Maximizing the ROI of Large Language Models for the Large Enterprise
Emerging large language model (LLM) applications present a clear opportunity for the large enterprise. However, the risks involved in rapid and unchecked deployment of LLMs have already proven to be severe. Just last week, Open AI accidentally exposed the titles of some of its users’ ChatGPT conversations without obtaining proper consent, which is now being examined for breach of the GDPR. While the evaluation of this potential breach is still ongoing, the GDPR and related data privacy fines can be severe for large enterprises (Amazon was fined $877 million in 2021 for GDPR violations and Didi, a Chinese ride-hailing company, was fined a whopping $1.2 billion in 2022 for Chinese cybersecurity violations). Beyond compliance risks, little stands in the way of employees at large enterprises from accidentally sharing company secrets or confidential information with 3rd party LLM services.
If large enterprises are to successfully deploy LLMs at scale and maximize ROI on their LLM investments, they must develop an implementation strategy that carefully addresses the risks tied to LLMs.
In this article, you will learn about:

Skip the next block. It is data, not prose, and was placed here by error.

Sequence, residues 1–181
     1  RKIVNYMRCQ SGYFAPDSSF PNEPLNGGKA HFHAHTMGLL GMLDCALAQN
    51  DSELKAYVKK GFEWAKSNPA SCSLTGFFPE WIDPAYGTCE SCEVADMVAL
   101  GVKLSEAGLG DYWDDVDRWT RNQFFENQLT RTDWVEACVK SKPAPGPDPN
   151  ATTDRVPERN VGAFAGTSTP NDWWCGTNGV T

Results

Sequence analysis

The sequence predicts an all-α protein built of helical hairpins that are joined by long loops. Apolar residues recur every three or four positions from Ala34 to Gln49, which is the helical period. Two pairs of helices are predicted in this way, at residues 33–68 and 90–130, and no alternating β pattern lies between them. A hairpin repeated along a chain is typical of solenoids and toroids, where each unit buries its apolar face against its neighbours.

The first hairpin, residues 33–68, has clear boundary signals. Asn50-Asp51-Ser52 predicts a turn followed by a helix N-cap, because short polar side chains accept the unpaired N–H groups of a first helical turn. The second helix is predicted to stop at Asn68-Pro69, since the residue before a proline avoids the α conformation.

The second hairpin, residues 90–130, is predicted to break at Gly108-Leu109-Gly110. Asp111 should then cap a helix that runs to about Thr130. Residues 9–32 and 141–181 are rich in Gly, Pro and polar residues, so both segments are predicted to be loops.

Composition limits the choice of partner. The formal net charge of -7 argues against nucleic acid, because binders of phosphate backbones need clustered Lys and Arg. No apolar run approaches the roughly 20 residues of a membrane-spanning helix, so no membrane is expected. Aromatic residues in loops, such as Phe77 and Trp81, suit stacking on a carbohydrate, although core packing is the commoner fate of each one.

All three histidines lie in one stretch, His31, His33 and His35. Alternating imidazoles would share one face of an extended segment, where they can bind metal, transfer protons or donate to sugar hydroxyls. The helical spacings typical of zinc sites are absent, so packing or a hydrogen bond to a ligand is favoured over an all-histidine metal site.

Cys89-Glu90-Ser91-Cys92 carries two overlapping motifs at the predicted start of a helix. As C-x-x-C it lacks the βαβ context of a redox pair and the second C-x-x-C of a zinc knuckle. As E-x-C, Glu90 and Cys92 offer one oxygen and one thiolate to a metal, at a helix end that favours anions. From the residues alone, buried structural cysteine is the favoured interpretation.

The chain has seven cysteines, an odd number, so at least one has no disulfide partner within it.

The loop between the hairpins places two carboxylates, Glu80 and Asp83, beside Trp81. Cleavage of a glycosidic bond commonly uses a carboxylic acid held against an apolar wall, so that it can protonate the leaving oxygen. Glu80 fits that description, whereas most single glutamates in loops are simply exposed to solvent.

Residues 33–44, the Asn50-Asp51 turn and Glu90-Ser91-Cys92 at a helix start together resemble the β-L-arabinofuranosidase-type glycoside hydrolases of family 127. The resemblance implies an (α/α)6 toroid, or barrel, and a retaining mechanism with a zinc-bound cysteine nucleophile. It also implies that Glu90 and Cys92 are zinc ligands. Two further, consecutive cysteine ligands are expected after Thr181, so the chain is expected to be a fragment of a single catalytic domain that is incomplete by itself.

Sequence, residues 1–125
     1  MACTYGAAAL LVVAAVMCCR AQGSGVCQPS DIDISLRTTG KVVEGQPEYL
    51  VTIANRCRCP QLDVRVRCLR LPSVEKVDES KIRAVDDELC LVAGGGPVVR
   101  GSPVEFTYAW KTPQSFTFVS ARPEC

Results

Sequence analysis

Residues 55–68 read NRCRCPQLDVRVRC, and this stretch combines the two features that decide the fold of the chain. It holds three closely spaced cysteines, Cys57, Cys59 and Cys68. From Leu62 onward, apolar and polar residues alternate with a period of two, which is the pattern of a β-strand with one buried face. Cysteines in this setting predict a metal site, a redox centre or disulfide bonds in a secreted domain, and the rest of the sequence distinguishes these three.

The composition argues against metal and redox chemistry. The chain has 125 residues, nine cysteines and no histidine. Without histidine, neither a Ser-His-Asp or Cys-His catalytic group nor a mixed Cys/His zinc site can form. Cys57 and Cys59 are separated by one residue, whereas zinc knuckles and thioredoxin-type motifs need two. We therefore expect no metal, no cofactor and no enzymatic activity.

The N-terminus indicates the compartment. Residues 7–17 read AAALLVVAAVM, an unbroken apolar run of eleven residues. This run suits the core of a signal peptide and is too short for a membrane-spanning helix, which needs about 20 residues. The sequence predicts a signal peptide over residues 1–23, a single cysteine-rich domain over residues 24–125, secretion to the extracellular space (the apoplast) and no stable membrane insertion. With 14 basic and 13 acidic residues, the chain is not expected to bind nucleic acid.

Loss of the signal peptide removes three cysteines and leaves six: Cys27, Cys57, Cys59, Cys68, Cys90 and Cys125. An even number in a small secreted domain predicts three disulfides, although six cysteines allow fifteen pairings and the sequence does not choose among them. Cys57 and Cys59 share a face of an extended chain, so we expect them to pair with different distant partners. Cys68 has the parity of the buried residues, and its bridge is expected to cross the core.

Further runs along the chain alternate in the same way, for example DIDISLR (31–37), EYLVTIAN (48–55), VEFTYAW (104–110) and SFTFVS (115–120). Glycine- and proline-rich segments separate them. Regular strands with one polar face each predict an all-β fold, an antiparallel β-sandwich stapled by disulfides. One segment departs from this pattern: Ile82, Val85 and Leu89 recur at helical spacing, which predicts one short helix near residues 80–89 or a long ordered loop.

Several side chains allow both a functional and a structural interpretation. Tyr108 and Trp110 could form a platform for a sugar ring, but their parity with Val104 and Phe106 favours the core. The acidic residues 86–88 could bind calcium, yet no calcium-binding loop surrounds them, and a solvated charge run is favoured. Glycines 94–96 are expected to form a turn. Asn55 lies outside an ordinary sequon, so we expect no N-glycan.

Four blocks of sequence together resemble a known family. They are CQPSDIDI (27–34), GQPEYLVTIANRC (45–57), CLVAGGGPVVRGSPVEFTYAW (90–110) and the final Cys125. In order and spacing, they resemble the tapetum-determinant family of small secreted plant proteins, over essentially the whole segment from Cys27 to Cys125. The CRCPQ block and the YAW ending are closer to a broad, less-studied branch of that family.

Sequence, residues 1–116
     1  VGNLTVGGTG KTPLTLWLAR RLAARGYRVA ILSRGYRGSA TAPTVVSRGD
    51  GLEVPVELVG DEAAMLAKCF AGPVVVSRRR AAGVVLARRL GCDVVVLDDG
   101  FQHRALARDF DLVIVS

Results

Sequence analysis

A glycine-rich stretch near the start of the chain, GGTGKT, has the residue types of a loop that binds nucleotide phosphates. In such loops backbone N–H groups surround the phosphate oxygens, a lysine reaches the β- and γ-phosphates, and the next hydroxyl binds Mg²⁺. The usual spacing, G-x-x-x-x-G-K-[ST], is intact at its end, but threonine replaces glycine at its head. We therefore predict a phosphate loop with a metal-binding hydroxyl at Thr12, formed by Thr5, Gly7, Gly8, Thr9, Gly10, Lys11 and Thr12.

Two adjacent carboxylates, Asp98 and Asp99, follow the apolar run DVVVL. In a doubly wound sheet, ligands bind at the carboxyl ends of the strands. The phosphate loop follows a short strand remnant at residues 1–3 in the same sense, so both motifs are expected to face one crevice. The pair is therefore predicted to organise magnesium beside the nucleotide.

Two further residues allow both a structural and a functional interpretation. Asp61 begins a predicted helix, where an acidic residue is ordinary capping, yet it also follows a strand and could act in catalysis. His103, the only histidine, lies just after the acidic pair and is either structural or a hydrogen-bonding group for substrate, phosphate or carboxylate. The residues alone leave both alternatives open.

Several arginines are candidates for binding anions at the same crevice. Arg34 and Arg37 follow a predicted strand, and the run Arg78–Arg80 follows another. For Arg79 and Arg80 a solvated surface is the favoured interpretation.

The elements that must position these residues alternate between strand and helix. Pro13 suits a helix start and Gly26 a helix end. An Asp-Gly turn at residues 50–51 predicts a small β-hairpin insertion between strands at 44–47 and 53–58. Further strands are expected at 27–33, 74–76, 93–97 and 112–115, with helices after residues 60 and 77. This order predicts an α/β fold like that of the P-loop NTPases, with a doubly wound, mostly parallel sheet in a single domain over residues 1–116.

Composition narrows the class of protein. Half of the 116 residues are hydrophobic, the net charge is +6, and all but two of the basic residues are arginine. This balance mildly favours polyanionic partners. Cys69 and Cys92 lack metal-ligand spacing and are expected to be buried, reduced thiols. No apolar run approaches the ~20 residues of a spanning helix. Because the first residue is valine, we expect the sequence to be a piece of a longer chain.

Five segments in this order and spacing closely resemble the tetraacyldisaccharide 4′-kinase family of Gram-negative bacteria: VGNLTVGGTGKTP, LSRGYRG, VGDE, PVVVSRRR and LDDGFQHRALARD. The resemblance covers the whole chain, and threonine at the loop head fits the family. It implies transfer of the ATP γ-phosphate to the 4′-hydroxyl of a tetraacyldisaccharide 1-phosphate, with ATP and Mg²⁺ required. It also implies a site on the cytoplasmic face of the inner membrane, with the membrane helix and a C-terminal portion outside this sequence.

- Several critical risk factors that enterprises should be aware of when leveraging LLM services.
- The risks involved in leaking highly confidential or private enterprise data and the severity of potential compliance violations.
- A path towards developing privacy-preserving and regulation-compliant LLM services that mitigates these risks.
Key privacy and compliance challenges when leveraging LLMs for the large enterprise:
Challenge 1: Employees querying 3rd Party APIs and LLM services can unknowingly share sensitive PII and company secrets with these 3rd Party LLM services.
While employees are typically bound by NDAs, a large enterprise with 10,000+ employees can often struggle to ensure 100% workforce adherence to confidentiality agreements. The rampant use of 3rd party LLM querying services by the public presents an immediate risk that employees may accidentally share confidential company information or regulated PII with 3rd Party LLM APIs that are hosted on servers or VPCs belonging to 3rd parties. For example, consider an engineer who wants to summarize the body of a confidential patent application to generate an abstract. This engineer could query 3rd party LLM APIs to perform this task using the query below. The engineer’s employer can only hope that this 3rd party service has implemented rigorous data deletion and data controls to ensure this confidential data is properly secured and removed upon request. For now, such hopes may only be wishful thinking. In the recent issue at Open AI, Twitter users claimed they had chat titles that included personal and “highly sensitive” information.